The Articulate Dentist - A Blog by the Metro Denver Dental Society

Small Business Administration Loan Programs: Everything You Need to Know to Secure Funds Now

 By: Kelsey Currence

The year 2020 was a reckoning of sorts, a reckoning that will have a longer impact on the American way of life than the 12 months that it incapsulated. Last year accelerated technological advances and changed most industries permanently. It also forced the federal government’s hand to come to the table with some financial help for small businesses, including dental practices, across the country. The Small Business Administration (SBA) dusted off the Economic Injury Disaster Loan (EIDL) program and revamped it, as well as created the Paycheck Protection Program, commonly known as PPP.

You may not have heard of the ‘Consolidated Appropriations Act of 2021’ but it may have meaning for your PPP loan and your practice. There were a great deal of changes and fortunately they are nearly all favorable!

To save you hours of poring over SBA regulatory verbiage, I’ll boil things down for you.

For all applicants:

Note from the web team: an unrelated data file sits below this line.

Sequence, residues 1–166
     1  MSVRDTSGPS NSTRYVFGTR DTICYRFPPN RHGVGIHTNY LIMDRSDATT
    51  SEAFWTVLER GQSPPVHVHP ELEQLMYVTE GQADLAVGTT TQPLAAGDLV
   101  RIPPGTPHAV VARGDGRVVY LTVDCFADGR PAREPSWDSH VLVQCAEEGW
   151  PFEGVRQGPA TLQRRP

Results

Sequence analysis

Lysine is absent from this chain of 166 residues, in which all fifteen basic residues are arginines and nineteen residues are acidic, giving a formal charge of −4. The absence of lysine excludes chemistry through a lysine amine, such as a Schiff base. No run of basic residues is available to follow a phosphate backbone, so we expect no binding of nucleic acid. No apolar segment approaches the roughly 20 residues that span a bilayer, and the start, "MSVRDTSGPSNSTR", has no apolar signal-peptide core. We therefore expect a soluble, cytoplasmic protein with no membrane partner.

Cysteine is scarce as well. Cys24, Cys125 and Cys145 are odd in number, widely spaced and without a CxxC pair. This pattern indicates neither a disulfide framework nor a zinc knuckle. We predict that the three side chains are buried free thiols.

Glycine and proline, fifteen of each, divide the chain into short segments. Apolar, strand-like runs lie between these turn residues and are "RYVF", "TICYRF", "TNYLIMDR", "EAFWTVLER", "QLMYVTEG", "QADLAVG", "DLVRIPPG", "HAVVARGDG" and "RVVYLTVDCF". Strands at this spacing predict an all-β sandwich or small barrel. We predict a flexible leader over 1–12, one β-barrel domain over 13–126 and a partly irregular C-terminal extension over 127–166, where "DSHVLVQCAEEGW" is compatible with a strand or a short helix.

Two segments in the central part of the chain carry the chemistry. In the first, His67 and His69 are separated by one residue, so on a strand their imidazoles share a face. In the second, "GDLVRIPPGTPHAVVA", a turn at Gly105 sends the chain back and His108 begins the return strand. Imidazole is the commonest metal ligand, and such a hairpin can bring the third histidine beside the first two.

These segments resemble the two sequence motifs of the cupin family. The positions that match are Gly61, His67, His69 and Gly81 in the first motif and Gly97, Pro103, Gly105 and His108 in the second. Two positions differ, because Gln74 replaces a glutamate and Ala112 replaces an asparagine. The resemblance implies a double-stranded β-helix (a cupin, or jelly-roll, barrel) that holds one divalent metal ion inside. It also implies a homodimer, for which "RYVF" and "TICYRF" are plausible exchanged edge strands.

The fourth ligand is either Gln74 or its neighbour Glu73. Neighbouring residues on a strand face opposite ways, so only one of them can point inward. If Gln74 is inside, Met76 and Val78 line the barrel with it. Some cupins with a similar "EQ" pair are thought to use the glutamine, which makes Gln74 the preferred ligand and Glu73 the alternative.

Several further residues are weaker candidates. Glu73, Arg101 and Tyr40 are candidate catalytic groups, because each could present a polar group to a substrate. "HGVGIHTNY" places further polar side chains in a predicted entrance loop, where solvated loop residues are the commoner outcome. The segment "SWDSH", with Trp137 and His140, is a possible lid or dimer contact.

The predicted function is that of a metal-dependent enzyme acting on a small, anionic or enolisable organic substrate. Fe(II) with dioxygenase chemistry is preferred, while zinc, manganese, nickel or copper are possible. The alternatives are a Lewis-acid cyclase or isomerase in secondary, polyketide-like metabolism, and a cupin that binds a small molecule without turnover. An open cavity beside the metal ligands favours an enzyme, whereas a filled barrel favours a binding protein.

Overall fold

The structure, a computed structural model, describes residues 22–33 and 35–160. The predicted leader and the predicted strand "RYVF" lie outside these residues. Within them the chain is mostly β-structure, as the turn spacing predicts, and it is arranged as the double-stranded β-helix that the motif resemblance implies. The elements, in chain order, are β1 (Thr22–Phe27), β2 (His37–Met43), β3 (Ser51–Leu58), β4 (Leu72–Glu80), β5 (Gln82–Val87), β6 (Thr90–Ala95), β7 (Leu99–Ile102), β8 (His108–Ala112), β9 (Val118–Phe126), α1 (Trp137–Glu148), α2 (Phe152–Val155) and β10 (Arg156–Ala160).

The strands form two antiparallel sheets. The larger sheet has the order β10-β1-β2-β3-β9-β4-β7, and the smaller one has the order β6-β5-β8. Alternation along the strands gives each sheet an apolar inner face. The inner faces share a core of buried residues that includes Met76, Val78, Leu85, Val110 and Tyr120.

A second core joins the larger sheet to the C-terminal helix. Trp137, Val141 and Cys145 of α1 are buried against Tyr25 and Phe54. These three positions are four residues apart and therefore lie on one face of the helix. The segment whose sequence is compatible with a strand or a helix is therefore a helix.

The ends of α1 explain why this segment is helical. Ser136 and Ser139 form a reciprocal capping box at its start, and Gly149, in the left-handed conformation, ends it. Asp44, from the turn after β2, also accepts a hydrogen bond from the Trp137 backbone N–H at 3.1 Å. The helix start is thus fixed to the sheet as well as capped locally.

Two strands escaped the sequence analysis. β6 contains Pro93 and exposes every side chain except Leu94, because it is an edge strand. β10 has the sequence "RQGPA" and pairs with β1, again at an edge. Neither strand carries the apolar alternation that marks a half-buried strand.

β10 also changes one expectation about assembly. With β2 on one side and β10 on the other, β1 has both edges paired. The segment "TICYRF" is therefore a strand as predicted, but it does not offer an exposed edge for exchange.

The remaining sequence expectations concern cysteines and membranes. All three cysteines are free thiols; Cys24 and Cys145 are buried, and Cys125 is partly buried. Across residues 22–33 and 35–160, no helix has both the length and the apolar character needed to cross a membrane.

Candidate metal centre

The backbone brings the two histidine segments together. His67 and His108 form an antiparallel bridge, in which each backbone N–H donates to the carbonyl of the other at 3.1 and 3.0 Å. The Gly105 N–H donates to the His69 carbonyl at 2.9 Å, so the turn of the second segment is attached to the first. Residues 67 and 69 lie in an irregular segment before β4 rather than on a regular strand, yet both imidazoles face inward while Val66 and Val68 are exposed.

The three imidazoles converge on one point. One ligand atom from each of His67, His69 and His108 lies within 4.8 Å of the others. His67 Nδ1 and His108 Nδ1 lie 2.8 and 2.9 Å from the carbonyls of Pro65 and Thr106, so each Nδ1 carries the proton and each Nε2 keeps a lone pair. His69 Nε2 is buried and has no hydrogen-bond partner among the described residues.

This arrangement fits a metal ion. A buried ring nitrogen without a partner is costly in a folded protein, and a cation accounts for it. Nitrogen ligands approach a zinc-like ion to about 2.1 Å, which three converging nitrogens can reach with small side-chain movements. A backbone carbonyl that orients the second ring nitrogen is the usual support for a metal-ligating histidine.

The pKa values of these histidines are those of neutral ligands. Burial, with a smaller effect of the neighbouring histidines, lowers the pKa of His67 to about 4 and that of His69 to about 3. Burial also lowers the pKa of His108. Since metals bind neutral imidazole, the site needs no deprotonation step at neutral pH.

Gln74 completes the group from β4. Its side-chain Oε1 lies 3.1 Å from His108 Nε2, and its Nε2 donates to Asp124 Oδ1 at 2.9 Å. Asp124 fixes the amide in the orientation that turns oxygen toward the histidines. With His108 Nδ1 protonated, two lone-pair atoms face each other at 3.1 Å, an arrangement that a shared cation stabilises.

• Reach out to your financial institution to make sure they’re participating in Round 2 of PPP loan applications. Several banks have opted out this time.
    • If your financial institution has opted out, use the Lender Match Tool on the SBA website to find one that is participating.
    • Due to banking regulations, applicants will need to undergo a series of checks that are normal procedures when opening a deposit account at most banks.
  • Regardless of Round, you will still need to utilize a minimum of 60% of the loan on payroll costs.
  • If you received an EIDL advance, it will no longer reduce your total forgiveness amount.
  • You can now use PPP funds to purchase PPE, cloud-based computer systems and equipment that will help protect against COVID-19.
  • Forgivable expenses also include damage to business property due to riots.
  • Expenses paid for by PPP loans now qualify as tax deductible.
  • PPP borrowers can also participate in the Employee Retention Tax Credit.
  • You will need to retain or enhance your FTE (Full Time Equivalent) or qualify for Safe Harbor.
  • Forgiveness Applications:
    • You have ten months to submit your forgiveness application from the end of your PPP loan period (You do not need to submit your forgiveness application for Round 1 prior to applying for Round 2).
    • If you do not submit your forgiveness application within ten months, your entire loan will amortize out at 1% APR over a five-year term.
    • If your loan is under $150,000, you have a much simpler forgiveness application; the 3508S.
    • If your loan is over $150,000, you will need to proceed with the simplified 3508EZ.
    • Your lender will likely have their own forgiveness application on their online banking portal. I suggest utilizing this form as their loan processors will be well-trained on it.